Essential facts on Alexander Solzhenitsyn, as well as a very extensive reading list!

Born December 11, 1918, in Kislovodsk, Soviet Russia. Only child. Nickname: Sanya. Father: dead before Sanya's birth. Mother: overeducated secretary. Raised Russian Orthodox. Childhood distinctions: hyperactive achiever. 1924 joined mother in Rostov-on-Don. 1930 joined Young Pioneers, a Communist youth group. 1936 top graduate of elite Rostov high school (and a full-fledged atheist). 1940 married Natalya Reshetovskaya. 1941 mathematics graduate of Un. of Rostov. 1942-45 artillery officer in Red Army. 1945 arrested for criticizing Stalin. 1945 prison camp in Moscow. 1946 Mavrino 'think tank' prison in Moscow. 1950 transferred to dreaded work camp in Kazakhstan. 1952 rediscovered faith. 1953 released but exiled to Kazakhstan. 1954 survived stomach cancer 1962 published masterpiece novella One Day in the Life of Ivan Denisovich. 1968 published two major polyphonic novels: First Circle and Cancer Ward. 1970 Nobel Prize for literature. 1972 August 1914, first of Red Wheel (World War I and Communist Revolution) series. 1973 Married Natalya Svetlova, with whom he had three sons. 1974 first of 3-volume Gulag Archipelago. 1974 expelled from Soviet Russia. 1976 moved to Vermont. 1978 alienated western press and academia by revealing religious core in Harvard Speech. 1994 returned to Russia after fall of Communism. 2000 urged Russians to hasten reforms. Died August 3, 2008 at 89.

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HC� � � � � � � � � � � � � � �PB
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BY ALEXANDER SOLZHENITSYN:

The groundbreaking trilogy:

Cancer Ward.� First English translation published 1968.� � �HC.� � �PB
The First Circle. First English translation published 1968.� � �PB
One Day in the Life of Ivan Denisovich. First English translation published 1963.� � �PB

The Red Wheel Series (World War I and Communist Revolution):

August 1914: The Red Wheel/Knot I. First English translation published 1972.� � �PB
November 1916: The Red Wheel/Knot II. First English translation published 1999.� � �HC� � �PB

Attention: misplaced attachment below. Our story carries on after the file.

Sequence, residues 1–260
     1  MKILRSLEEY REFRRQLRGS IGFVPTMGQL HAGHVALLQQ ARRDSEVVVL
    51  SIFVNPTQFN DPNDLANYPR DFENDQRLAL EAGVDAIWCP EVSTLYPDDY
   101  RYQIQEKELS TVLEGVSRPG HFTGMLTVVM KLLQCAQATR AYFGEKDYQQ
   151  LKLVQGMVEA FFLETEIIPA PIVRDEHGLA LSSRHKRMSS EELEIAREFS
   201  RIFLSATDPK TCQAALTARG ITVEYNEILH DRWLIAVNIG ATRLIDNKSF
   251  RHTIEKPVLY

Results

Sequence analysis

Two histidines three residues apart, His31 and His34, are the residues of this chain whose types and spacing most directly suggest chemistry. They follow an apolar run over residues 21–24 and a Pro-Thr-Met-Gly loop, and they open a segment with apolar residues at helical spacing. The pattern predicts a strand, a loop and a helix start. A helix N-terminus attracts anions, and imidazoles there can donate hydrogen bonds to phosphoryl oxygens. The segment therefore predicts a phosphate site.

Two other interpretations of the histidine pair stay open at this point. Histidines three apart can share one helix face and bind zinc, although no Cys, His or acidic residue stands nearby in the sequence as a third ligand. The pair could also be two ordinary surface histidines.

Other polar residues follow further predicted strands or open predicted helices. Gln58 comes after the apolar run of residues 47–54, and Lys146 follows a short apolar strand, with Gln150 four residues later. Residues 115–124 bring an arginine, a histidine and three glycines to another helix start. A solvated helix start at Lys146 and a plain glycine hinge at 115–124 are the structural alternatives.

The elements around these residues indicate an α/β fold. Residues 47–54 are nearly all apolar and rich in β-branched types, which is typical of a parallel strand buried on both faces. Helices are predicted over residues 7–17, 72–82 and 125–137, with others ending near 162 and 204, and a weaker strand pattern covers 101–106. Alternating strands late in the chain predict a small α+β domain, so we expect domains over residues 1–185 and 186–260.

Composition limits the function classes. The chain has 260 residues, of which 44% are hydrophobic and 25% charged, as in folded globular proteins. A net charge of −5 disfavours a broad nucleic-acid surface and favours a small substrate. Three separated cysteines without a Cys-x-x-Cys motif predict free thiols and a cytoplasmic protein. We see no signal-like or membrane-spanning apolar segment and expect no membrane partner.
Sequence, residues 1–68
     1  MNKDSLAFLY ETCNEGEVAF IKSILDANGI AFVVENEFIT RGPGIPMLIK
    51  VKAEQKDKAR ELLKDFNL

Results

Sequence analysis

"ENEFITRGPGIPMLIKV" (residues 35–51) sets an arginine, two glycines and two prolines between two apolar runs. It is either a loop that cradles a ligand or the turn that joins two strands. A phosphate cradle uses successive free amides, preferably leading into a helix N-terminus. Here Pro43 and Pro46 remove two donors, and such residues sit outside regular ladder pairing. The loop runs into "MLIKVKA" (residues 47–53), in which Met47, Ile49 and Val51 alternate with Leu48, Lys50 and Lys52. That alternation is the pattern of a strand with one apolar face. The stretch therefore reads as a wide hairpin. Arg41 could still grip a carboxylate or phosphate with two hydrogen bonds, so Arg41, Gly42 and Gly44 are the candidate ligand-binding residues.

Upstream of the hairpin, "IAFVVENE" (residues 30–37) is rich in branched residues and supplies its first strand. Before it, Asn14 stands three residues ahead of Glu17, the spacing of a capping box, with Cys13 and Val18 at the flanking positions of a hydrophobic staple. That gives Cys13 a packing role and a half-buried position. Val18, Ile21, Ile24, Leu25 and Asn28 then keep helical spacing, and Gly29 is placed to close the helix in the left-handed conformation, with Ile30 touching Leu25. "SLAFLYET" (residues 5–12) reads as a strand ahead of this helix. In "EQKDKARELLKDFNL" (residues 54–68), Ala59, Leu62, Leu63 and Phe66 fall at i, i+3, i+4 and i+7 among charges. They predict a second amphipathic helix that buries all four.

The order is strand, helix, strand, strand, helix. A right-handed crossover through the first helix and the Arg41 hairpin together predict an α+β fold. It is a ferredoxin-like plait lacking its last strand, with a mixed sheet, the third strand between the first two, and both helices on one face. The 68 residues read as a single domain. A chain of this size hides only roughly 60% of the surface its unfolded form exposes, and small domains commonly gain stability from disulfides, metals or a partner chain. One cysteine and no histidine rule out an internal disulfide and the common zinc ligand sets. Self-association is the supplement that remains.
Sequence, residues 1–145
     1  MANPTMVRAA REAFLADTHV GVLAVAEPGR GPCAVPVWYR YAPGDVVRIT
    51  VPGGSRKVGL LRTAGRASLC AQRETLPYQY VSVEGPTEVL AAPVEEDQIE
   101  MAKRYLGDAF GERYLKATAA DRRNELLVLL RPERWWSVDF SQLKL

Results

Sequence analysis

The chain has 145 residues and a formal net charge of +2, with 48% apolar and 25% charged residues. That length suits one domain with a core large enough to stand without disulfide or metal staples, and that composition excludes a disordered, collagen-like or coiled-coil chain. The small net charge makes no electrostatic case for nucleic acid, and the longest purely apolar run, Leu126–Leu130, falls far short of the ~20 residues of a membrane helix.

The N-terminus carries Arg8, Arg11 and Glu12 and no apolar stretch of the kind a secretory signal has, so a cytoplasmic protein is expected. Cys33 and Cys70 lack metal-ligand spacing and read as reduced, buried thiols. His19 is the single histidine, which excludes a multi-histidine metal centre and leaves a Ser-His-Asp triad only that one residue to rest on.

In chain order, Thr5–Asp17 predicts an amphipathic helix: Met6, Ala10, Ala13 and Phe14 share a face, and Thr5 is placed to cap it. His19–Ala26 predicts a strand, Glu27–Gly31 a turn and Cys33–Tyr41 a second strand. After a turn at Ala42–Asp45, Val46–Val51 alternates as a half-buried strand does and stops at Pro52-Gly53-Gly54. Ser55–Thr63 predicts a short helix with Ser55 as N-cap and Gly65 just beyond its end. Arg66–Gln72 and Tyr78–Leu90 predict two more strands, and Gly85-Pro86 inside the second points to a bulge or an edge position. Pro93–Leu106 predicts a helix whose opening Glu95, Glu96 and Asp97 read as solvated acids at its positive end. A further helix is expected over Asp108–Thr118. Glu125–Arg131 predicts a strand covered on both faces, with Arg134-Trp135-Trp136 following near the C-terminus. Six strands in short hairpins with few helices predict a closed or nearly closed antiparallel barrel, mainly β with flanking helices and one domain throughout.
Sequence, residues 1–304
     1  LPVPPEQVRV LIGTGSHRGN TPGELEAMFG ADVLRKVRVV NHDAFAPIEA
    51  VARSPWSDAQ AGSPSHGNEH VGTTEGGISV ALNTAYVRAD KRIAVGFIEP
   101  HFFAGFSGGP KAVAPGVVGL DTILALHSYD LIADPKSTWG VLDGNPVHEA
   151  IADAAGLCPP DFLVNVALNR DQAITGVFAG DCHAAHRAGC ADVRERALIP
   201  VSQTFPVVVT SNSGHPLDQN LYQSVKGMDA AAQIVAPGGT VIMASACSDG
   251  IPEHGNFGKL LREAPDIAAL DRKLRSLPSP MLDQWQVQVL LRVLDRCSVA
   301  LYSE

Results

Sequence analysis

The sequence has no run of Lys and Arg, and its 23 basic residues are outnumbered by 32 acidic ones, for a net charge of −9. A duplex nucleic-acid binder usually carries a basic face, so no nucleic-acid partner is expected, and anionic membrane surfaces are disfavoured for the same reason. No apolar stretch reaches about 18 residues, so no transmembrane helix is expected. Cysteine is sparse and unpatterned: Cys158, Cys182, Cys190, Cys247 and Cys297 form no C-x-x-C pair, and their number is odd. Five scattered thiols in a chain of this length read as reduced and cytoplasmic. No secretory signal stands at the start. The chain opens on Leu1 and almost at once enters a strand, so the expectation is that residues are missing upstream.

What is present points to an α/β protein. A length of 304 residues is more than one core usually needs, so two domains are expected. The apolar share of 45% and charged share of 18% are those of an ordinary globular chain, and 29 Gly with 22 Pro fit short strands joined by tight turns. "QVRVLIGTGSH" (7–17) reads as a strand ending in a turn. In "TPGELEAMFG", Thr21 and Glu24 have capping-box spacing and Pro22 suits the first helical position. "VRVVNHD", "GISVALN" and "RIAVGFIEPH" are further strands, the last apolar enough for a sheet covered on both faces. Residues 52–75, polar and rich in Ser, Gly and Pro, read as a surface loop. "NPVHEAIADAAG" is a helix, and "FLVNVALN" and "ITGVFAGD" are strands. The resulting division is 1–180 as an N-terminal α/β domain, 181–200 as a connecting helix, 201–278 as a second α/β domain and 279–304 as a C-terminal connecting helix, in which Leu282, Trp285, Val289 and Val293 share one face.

March� 1917: The Red Wheel/Knot III.� As of 2000 available only� in Russian and French.
April 1917: The Red Wheel. As of 2000 available only in Russian?

The Gulag Archipelago Trilogy:

The Gulag Archipelago.� Vol. 1: Parts 1 and 2. First English translation published 1974.� � �PB
The Gulag Archipelago.� Vol. 2: Parts 3 and 4. First English translation published 1975.� � �PB
The Gulag Archipelago.� Vol. 3: Parts 5, 6 and 7. First English translation published 1978.� � �PB

Other works:

Candle in the Wind.� First English translation published 1973.
Decembrists without December.� First English translation published 1983.
(With other contributors)
From under the Rubble.� Boston: Little, Brown, 1975.
Invisible Allies. First English translation published 1997.� � �PB
Lenin in Zurich.� First English translation published 1976
A Lenten Letter to Pimen, Patriarch of All Russia. First English translation published 1972.
Letter to the Soviet Leaders. First English translation published 1975.
The Love-Girl and the Innocent.� First English translation published 1969.� � PB
� � � � � Also titled
The Tenderfoot and the Tart.
The Mortal Danger: How Misconceptions about Russia Imperil America.�
� � � � �
First English translation published 1980.
The Oak and the Calf: A Memoir.� First English translation published 1979.
Prussian Nights: A Poem. First English translation published 1977.� � �PB
The Russian Question at the End of the Twentieth Century :� � � HC
� � � � �
First English translation published 1995.
Solzhenitsyn: A Pictorial Autobiography. New York: Farrar, Straus and Giroux, 1974.